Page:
Resume at a glance: Holds program records for points (2,364), points per game (17.5), assists, steals, free throws attempted and made, and 3-pointers attempted. WBCA All-American Honorable Mention as a senior. Three-time All-Big Ten First Team selection (third player in school history to do that). As a senior, led the nation in minutes played.
Why they’re here: Buss is one of the rare recruits who lived up to the hype. She set all kinds of records in high school, and then came to IU and did the same thing. She and Amanda Cahill led Indiana to the program’s first NCAA Tournament victory since 1983 and then to a WNIT championship, appropriately ending their collegiate careers with a victory.
No. 7 — Andrew Gutman, men’s soccer
Voter points: 83
Resume at a glance: MAC Hermann Trophy winner as a senior, appeared on multiple First-Team All-American lists and winner of other player of the year honors. Also earned Big Ten Defensive Player of the Year while also leading IU in goals. Also earned IU Male Athlete of the Year honors and was named to the College Cup All-Tournament Team after winning Most Outstanding Player of the Big Ten Tournament.
Why they’re here: The 2018 men’s soccer team will be remembered as one of the best IU teams to not win a title, and Gutman was the star. Of the team sport players on this list, no accomplishment is more impressive than Gutman’s MAC Hermann trophy. Even at a storied program with decades of success, Gutman stands out as one of the greats.
No. 8 — Cody Zeller, men’s basketball
Voter points: 71
Resume at a glance: First-Team All-Big Ten, appeared on various All-American lists, consensus Preseason National Player of the Year. Finished career with 59.1 percent field goal percentage, highest in IU history at the time. Made multiple Freshman All-American lists and was named Big Ten Freshman of the Year by coaches. Academic All-Big Ten as a senior.
Why they’re here: There’s an argument to be made that Zeller is the most important men’s basketball player of the decade for Indiana. Without Zeller coming, it’s doubtful that Indiana would have ended up in the Sweet Sixteen two years in a row. And it’s possible that the next player on the list would never have come to IU in the first place.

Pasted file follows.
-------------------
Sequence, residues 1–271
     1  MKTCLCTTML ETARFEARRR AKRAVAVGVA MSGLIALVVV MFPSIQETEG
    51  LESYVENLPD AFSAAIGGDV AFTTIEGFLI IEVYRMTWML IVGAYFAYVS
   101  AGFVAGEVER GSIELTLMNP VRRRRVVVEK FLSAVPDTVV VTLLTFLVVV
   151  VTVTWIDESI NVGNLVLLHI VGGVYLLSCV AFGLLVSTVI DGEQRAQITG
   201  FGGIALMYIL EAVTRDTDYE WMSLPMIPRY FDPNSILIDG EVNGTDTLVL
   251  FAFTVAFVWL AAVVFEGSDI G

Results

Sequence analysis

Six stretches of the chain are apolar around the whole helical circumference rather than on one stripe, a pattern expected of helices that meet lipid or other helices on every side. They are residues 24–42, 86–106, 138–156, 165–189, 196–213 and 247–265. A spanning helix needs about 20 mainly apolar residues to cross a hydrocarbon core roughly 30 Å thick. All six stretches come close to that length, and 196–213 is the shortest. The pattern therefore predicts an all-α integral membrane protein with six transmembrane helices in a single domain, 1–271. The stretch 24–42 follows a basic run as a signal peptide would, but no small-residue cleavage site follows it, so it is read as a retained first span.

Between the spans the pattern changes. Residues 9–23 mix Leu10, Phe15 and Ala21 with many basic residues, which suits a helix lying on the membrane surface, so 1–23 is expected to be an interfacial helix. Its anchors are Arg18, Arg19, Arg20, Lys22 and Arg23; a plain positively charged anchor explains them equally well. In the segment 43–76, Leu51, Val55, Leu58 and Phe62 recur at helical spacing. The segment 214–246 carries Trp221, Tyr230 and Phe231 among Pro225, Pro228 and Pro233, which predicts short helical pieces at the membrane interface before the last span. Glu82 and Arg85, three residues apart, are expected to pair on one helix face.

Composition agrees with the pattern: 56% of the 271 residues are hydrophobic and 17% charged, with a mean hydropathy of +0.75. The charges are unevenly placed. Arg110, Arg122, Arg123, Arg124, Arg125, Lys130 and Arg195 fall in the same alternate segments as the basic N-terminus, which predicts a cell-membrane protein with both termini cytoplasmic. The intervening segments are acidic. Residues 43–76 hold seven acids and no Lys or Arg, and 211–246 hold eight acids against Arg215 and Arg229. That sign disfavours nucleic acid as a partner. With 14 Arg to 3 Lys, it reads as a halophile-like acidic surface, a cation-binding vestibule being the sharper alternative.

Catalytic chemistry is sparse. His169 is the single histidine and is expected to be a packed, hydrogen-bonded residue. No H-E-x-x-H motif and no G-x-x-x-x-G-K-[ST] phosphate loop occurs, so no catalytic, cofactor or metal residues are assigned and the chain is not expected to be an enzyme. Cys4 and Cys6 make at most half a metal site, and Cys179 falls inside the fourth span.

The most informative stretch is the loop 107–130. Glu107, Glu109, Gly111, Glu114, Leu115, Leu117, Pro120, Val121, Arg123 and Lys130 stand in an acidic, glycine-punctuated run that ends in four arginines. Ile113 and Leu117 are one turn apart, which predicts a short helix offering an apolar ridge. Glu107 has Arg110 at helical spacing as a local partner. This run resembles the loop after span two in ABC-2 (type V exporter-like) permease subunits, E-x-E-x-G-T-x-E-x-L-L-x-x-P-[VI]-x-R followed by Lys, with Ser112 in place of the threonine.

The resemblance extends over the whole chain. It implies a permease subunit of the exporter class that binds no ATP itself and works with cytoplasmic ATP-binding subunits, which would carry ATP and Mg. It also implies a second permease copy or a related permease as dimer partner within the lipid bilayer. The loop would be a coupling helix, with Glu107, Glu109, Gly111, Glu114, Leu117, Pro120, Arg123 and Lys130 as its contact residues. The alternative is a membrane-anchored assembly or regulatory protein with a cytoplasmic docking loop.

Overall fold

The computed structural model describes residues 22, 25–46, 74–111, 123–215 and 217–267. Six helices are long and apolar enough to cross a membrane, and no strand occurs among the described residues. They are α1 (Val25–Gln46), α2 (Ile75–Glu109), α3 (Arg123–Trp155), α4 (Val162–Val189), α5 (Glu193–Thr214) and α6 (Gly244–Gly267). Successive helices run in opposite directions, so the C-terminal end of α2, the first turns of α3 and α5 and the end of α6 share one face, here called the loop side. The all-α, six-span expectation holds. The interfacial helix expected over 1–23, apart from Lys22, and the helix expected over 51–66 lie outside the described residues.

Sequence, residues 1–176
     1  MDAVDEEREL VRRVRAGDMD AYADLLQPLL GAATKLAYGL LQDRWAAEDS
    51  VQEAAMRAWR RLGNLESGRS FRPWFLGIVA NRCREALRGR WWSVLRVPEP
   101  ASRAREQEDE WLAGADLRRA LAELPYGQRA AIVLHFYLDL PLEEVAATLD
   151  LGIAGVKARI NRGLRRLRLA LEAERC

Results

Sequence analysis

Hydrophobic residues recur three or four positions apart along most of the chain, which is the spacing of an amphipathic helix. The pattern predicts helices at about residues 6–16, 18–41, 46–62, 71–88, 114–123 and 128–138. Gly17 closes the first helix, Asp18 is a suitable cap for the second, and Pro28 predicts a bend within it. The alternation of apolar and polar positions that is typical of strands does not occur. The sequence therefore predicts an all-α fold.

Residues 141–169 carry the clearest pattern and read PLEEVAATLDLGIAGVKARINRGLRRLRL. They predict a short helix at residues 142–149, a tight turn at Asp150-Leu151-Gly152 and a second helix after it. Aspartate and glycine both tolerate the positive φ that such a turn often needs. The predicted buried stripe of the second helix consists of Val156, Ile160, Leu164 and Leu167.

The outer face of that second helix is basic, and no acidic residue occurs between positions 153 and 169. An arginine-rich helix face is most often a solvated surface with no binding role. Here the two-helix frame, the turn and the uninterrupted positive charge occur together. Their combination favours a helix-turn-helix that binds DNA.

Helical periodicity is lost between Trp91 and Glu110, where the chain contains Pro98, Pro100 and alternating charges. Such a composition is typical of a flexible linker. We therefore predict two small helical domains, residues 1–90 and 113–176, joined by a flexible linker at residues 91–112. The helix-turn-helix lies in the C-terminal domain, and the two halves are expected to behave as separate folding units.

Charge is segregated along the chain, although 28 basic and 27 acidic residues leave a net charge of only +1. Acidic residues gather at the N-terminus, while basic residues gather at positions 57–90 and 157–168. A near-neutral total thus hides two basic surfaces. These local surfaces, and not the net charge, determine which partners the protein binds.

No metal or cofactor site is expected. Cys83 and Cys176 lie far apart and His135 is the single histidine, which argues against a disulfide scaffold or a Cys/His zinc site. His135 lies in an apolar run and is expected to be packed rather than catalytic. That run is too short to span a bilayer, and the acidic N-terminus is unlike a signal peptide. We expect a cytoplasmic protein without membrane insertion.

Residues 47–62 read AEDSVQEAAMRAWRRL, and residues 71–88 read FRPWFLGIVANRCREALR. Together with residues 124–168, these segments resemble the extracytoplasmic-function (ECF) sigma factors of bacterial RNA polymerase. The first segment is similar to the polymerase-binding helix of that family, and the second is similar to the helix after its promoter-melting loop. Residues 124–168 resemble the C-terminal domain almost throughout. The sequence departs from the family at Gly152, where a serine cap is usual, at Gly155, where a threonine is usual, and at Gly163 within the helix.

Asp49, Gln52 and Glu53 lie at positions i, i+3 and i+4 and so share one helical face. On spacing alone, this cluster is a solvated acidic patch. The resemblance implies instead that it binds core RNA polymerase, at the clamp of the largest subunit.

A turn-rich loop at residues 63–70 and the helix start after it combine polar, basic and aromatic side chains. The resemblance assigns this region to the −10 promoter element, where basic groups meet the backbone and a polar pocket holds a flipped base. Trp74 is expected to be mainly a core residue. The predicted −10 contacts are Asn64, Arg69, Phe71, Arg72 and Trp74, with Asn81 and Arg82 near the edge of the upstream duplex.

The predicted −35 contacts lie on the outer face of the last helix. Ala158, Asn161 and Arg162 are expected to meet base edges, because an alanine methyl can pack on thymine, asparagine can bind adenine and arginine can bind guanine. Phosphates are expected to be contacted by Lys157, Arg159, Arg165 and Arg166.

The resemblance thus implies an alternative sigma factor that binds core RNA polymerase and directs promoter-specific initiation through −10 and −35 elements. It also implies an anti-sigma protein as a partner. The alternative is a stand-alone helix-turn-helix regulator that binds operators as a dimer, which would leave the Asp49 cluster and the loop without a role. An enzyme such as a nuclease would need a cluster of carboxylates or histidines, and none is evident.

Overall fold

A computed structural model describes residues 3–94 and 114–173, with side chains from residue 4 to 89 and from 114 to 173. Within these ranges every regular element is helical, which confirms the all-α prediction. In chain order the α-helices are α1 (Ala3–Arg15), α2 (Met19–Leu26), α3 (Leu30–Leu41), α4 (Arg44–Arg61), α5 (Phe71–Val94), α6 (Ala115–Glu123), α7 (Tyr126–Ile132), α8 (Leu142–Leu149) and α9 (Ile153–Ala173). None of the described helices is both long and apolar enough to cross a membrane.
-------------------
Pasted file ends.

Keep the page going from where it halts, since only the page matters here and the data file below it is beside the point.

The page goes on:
No. 9 — Yogi Ferrell, men’s basketball
Voter points: 59 (one first-place vote)
Resume at a glance: Holds program records for assists, games played, games started and 3-pointers made in Big Ten play. The only player to lead IU in assists four straight years. Ranks sixth in career scoring. Two-time All-Big Ten First Team selection. As a senior, member of multiple All-American lists and a finalist for the Cousy Award for nation’s top point guard.
Why they’re here: Ferrell had one of the most statistically productive careers in IU men’s basketball history, holding multiple program records (detailed above).
No. 10 — Eriq Zavaleta, men’s soccer
Voter points: 45
Resume at a glance: Unanimous Big Ten Offensive Player of the Year, First-Team All-Big Ten selection as a sophomore. Led the Big Ten and ranked third nationally with 18 goals. College Soccer News First-Team All-American. Started all 24 matches of IU’s championship season, assisting on the winning goal in IU’s 1-0 victory over Georgetown in the title match.
Why they’re here: When you’re the best player on a championship-winning team, people take notice. Even with Gutman’s success and accomplishments, it’s possible Zavaleta is the most recognizable IU soccer name of the decade after leading the Hoosiers to their eighth national championship.
First person out: Ian Finnerty, swimming
Voter points: 36
Resume at a glance: Three individual NCAA titles (100 breaststroke twice, 200 breaststroke), two NCAA relay titles, various Big Ten titles, setting multiple American records.
Why they’re here: Finnerty is perhaps the most overlooked great athlete of the decade. He was the first IU male swimmer to successfully defend his NCAA title in 45 years. He was at IU from 2015-2019, the same span that King was at IU, and perhaps her celebrity overshadowed Finnerty’s sizeable and impressive accomplishments.
Others receiving votes
Athlete, sport (number of voter points)
Nate Sudfeld, football (28), Cody Miller, swimming (27), Dan Feeney, football (17), Joey DeNato, baseball (17), Jessica Parratto, diving (15), Michael Hixon, diving (13), Jordan Howard, football (12), OG Anunoby (10), Tanner Thompson, men’s soccer (9) Sam Travis, baseball (8), Alex Dickerson, baseball (7), Angel Escobedo, wrestling (5), Will Bruin, men’s soccer (5), Jordan Hulls, men’s basketball (5), Christian Watford, men’s basketball (4), Kelly Matthews, water polo (3), Amanda Cahill, women’s basketball (2), Ashley Benson, volleyball (2), Tara Trainer, softball (2), Eric Young, Little 500 (1), Tegray Scales, football (1), Andy Bayer, track and field (1), Grant Lillard, men’s soccer (1).
Voters: Teddy Bailey, Sarah Beeson, Sam Beishuizen, Ken Bikoff, Jon Blau, Alex Bozich, Galen Clavio, Adam Cohen, Eddie Cotton, Pete DiPrimio, Dustin Dopirak, Josh Eastern, Andy Graham, Jeremy Gray, Chronic Hoosier, Josie Janavicius, Alex McCarthy, Brody Miller, Mike Miller, Greg Murray, Zach Osterman, Mike Pegram, Jeremy Price, Jeff Rabjohns, Matt Weaver.
Special thanks to HN statistical consultant Paul Strickler.